Is it possible to include a RESTful server in a Desktop app?

  1. 2 weeks ago

    Does anyone remember FileMaker Pro? Like freedom, it was both wonderful and horrible at the same time... but one of the things that made it wonderful was the idea that you could use it to create a database on your computer and share it with other computers running FMP on the same network. It could be a list of employee phone numbers or the latest pricing from distribution... you could simply turn on sharing and others could connect to your data. Likewise, you could look out on the network and connect to any FMP database that was being shared.

    I'm pretty sure that I know the answer to this question but basically, I would like to know if it's possible to run a RESTful API to serve a database using the Desktop version of Xojo. Ideally, I'd like to bake the server right into the same app that acts as the client.

    Seeing that I can't seem to fine HandleSpecialURL anywhere in Desktop, I have a feeling that the answer is to create two apps, a Web app to be the REST server and a Desktop app to be the client.

    The easiest way is probably to create two apps as you suggest, but then communicate between them with Xojo's built in IPC classes to keep things a bit faster and less race condition prone than using your own local files: https://docs.xojo.com/IPCSocket

    Alternatively, you could use the Aloe library (https://aloe.zone/) to provide a server directly from your desktop app. It would need to be run on it's own thread to not interrupt processing of GUI events.

    If you do make a web service, use standard security practices and it's perfectly safe. Lots of very successful software does this, but you have to be careful.

    Alternatives:
    If you just want your own apps to communicate locally, just stick with IPC.

    If you need apps across multiple machines to communicate you may also want to think of using something like CubeSQL (https://www.sqlabs.com/cubesql ) as the central server -- it handles encryption and authentication already so it's a good choice if you just need to share data (maybe even some custom logic via its plugin system).

  2. Beatrix W

    May 12 Pre-Release Testers Europe (Germany)

    HandleSpecialURL doesn't do much special. You need a server socket, you need to define a grammar and parse the url.

  3. Tomas J

    May 12 Pre-Release Testers, Xojo Pro Europe (Germany)
    Edited 2 weeks ago

    It's possible, but you would need a helper app acting as server side-by-side to your desktop app. By saying that I have to add that this is a bad application design. You're setting up a local service, which needs an open port and makes your client computer vulnerable. You have to decide how to control this service to prevent running when your desktop app has stopped intendedly or unintendedly. It increases the chance of recieving annoying warning messages by firewalls and anti-malware software. If you want to commuicate via Webservices, then you must do this via TLS encrypted communication (and in best case with support of other technologies like HSTS etc.) otherwise all your data is transfered in cleartext. Any other desktop app (or in worst case remote software e.g. proxy) could read/capture/manipulate your desktop-client communication and would threaten the integrity of your data.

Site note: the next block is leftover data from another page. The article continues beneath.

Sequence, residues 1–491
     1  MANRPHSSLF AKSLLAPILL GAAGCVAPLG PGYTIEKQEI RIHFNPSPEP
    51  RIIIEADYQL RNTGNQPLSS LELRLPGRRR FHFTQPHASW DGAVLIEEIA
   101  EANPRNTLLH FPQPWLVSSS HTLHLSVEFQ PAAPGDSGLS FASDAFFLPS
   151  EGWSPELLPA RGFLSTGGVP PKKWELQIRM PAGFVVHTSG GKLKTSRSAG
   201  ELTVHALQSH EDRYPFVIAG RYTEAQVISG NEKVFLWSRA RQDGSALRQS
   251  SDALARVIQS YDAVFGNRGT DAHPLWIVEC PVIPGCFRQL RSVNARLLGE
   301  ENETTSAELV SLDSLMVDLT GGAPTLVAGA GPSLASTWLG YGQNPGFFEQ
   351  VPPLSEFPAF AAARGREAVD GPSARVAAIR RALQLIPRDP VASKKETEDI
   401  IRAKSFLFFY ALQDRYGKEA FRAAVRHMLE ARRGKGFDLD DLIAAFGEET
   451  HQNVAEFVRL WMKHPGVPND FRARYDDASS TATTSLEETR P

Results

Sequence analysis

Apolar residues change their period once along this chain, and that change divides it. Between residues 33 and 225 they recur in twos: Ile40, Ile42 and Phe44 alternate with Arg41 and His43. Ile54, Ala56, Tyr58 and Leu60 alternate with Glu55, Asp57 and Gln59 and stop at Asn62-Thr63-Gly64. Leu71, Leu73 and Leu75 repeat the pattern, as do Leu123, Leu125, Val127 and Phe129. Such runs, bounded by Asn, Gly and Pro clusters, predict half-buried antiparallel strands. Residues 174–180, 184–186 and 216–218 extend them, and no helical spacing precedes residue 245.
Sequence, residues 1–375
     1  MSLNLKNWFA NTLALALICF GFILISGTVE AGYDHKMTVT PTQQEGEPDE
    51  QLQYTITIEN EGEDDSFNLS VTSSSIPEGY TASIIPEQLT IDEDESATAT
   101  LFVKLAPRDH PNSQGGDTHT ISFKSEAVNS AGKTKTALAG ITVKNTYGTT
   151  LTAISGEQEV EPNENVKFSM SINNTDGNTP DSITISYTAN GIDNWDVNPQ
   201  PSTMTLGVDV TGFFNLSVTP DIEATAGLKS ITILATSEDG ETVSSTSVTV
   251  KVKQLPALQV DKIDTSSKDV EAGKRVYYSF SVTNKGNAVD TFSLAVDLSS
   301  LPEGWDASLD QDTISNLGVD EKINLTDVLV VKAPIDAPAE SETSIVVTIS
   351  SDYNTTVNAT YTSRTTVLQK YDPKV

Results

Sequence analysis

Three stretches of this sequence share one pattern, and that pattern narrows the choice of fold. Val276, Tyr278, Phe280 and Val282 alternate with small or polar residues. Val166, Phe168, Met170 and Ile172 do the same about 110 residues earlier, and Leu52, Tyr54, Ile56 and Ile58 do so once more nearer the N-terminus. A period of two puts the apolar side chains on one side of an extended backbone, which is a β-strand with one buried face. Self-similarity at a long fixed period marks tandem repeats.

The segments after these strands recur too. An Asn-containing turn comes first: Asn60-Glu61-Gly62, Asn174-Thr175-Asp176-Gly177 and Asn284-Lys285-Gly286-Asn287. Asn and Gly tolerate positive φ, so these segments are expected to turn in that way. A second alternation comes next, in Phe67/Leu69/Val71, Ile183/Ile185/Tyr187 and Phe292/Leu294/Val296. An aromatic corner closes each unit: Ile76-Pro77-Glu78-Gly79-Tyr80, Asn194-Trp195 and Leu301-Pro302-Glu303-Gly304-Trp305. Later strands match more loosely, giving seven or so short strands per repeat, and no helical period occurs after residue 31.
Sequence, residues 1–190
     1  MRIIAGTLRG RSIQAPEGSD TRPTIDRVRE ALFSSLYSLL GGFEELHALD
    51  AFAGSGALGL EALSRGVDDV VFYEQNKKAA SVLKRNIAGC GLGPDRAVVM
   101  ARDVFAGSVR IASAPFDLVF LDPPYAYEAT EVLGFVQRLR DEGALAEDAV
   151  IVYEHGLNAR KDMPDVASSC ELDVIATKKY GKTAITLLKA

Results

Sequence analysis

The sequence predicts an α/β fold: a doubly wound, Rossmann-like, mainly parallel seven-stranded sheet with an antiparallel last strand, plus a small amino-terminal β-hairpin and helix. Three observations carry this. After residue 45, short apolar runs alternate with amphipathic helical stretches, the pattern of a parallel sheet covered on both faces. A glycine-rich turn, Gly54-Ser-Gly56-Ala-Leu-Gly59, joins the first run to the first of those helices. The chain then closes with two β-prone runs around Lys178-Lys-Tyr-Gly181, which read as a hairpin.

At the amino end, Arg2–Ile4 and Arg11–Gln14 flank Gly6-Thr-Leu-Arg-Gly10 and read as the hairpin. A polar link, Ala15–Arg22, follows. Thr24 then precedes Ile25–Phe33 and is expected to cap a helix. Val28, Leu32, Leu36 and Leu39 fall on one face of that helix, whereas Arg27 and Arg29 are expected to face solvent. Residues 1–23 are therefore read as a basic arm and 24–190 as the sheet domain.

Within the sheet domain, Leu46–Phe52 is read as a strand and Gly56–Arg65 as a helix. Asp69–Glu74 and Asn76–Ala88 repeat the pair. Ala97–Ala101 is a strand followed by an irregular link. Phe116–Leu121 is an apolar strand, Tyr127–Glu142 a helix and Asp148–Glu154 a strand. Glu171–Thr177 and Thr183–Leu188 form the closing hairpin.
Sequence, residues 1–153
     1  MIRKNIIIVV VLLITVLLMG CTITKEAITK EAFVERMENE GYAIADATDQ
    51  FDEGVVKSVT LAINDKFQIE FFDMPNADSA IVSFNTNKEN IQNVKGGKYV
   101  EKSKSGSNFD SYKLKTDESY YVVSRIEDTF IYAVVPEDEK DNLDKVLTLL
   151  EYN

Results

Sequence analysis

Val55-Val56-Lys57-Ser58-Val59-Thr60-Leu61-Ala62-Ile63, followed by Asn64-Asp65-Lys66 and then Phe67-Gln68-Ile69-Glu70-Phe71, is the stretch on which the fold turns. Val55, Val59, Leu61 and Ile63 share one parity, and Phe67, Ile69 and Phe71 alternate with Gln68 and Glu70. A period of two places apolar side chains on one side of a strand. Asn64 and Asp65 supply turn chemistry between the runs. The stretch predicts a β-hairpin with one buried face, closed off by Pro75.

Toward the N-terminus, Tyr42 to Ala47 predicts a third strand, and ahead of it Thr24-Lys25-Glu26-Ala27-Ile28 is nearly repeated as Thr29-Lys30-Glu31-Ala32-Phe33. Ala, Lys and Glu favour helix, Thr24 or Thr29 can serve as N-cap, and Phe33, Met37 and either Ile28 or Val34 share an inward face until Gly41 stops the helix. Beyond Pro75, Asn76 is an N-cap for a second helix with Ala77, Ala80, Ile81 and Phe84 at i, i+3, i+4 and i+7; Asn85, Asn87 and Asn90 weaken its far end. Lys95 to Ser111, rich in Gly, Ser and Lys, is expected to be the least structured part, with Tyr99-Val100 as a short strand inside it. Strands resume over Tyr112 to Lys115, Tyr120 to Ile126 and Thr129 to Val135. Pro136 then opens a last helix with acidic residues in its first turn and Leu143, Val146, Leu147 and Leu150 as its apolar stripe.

Bottomline: Don't do this.

  4. Beatrix W

    May 13 Pre-Release Testers Europe (Germany)

    @Kristin G : if you need a highly scalable, secure etc solution then Tomas Jakobs is of course correct. If you need a simple, local network solution then you can use a simpler approach.

  5. Tomas J

    May 13 Pre-Release Testers, Xojo Pro Europe (Germany)
    Edited 2 weeks ago

    @Beatrix W ...a simpler approach.

    e.g. communicating with an local SQLite DB or local textfiles directly.

  6. Isaac R

    May 13 Pre-Release Testers, Xojo Pro Answer Minnesota, USA

    The easiest way is probably to create two apps as you suggest, but then communicate between them with Xojo's built in IPC classes to keep things a bit faster and less race condition prone than using your own local files: https://docs.xojo.com/IPCSocket

    Alternatively, you could use the Aloe library (https://aloe.zone/) to provide a server directly from your desktop app. It would need to be run on it's own thread to not interrupt processing of GUI events.

    If you do make a web service, use standard security practices and it's perfectly safe. Lots of very successful software does this, but you have to be careful.

    Alternatives:
    If you just want your own apps to communicate locally, just stick with IPC.

    If you need apps across multiple machines to communicate you may also want to think of using something like CubeSQL (https://www.sqlabs.com/cubesql ) as the central server -- it handles encryption and authentication already so it's a good choice if you just need to share data (maybe even some custom logic via its plugin system).

  7. @ Isaac : Aloe looks amazing! Thanks for that! Running this in it's own thread sounds exactly like what I was looking for.

    Thanks to all who replied. :-)

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